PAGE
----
Futuristic authors, bored readers?

Whilst television seems to be rushing towards its future, can the same be said of books? In this essay for Wired, Craig Mod answers with a ‘yes, kinda’.

The ‘future book’ is here, but it’s not what we expected
In the 1990s, Future Bookism hit a kind of beautiful fever pitch. We were so close. Brown University professor Robert Coover, in a 1992 New York Times op-ed titled “The End of Books,” wrote of the future of writing: “Fluidity, contingency, indeterminacy, plurality, discontinuity are the hypertext buzzwords of the day, and they seem to be fast becoming principles, in the same way that relativity not so long ago displaced the falling apple.”

Things didn’t quite work out that way; Amazon swallowed up pretty much all the burgeoning e-book market, with Kindles that are “as interactive as a potato”.

Yet here’s the surprise: We were looking for the Future Book in the wrong place. It’s not the form, necessarily, that needed to evolve—I think we can agree that, in an age of infinite distraction, one of the strongest assets of a “book” as a book is its singular, sustained, distraction-free, blissfully immutable voice. Instead, technology changed everything that enables a book, fomenting a quiet revolution. Funding, printing, fulfillment, community-building—everything leading up to and supporting a book has shifted meaningfully, even if the containers haven’t. Perhaps the form and interactivity of what we consider a “standard book” will change in the future, as screens become as cheap and durable as paper. But the books made today, held in our hands, digital or print, are Future Books, unfuturistic and inert may they seem.

It’s an interesting take, for sure, but I can’t help but think this publishing revolution is marvellous for authors but, as a reader, I’m still pining for that promised interactivity. I don’t think it’s enough to say we’ve got Wikipedia and YouTube videos and e-mail newsletters and somehow we can bundle them all up and consider the resulting unstructured, messy, unvalidated heap a Future Book.

Tim Carmody responds to Craig’s essay with a call to pursue an older approach.

Towards the Future Book
I think the utopian moment for the future of the book ended not when Amazon routed its vendors and competitors, although the Obama DOJ deserves some blame in retrospect for handing them that win. I think it ended when the Google Books settlement died, leading to Google Books becoming, basically abandonware, when it was initially supposed to be the true Library of Babel.

For Tim, that goal — “the digitization of all printed matter, available for full-text search and full-image browsing on any device” — is where the future of the book should lie.

Will Self, meanwhile, is in a less positive mood.

The printed world in peril
As for my attempts to express the impact of the screen on the page, on the actual pages of literary novels, I now understand that these were altogether irrelevant to the requirement of the age that everything be easier, faster, and slicker in order to compel the attention of screen viewers. It strikes me that we’re now suffering collectively from a “tyranny of the virtual,” since we find ourselves unable to look away from the screens that mediate not just print but, increasingly, reality itself.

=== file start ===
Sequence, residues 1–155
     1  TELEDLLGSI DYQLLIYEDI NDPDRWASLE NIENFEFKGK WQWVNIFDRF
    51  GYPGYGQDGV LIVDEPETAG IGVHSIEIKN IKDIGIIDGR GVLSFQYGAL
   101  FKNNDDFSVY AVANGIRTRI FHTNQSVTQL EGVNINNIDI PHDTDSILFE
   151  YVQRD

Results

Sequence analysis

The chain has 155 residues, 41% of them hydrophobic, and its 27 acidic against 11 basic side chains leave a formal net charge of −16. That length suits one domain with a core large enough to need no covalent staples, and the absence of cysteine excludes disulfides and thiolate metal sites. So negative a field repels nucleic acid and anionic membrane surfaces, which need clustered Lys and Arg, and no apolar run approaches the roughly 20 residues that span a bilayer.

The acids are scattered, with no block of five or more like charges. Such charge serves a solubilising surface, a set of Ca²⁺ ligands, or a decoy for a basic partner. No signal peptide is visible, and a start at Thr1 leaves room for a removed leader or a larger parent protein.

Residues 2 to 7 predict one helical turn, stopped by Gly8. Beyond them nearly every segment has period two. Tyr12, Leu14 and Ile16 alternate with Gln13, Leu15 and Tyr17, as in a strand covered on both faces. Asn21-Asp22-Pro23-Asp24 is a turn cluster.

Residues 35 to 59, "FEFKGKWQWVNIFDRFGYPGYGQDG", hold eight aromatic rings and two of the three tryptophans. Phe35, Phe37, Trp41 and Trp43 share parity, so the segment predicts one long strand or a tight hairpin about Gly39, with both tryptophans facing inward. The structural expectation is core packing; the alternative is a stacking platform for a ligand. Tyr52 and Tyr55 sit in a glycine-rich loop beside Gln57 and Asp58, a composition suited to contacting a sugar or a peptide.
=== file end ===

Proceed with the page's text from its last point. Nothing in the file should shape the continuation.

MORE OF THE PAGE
I’ve been a fan of his for many years now, his lack of optimism notwithstanding.

At the end of Bradbury’s Fahrenheit 451, the exiled hoboes return to the cities, which have been destroyed by the nuclear conflicts of the illiterate, bringing with them their head-borne texts, ready to restart civilization. And it’s this that seems to me the most prescient part of Bradbury’s menacing vision. For I see no future for the words printed on paper, or the art forms they enacted, if our civilization continues on this digital trajectory: there’s no way back to the future—especially not through the portal of a printed text.

The Emperor’s new Kindle

Napoleon, according to this article from Open Culture, owned so many books he needed his own personal librarian. He was also very keen on having a significant collection of his books with him whenever he went travelling. This worked well for a while…

Napoleon’s Kindle: see the miniaturized traveling library he took on military campaigns
… but eventually “Napoleon found that many books which he wanted to consult were not included in the collection,” for obvious reasons of space. And so, on July 8, 1803, he sent his librarian these orders:

The Emperor wishes you to form a traveling library of one thousand volumes in small 12mo and printed in handsome type. It is his Majesty’s intention to have these works printed for his special use, and in order to economize space there is to be no margin to them. They should contain from five hundred to six hundred pages, and be bound in covers as flexible as possible and with spring backs. There should be forty works on religion, forty dramatic works, forty volumes of epic and sixty of other poetry, one hundred novels and sixty volumes of history, the remainder being historical memoirs of every period.

In sum: not only did Napoleon possess a traveling library, but when that traveling library proved too cumbersome for his many and varied literary demands, he had a whole new set of not just portable book cases but even more portable books made for him. … This prefigured in a highly analog manner the digital-age concept of recreating books in another format specifically for compactness and convenience — the kind of compactness and convenience now increasingly available to all of us today, and to a degree Napoleon never could have imagined, let alone demanded.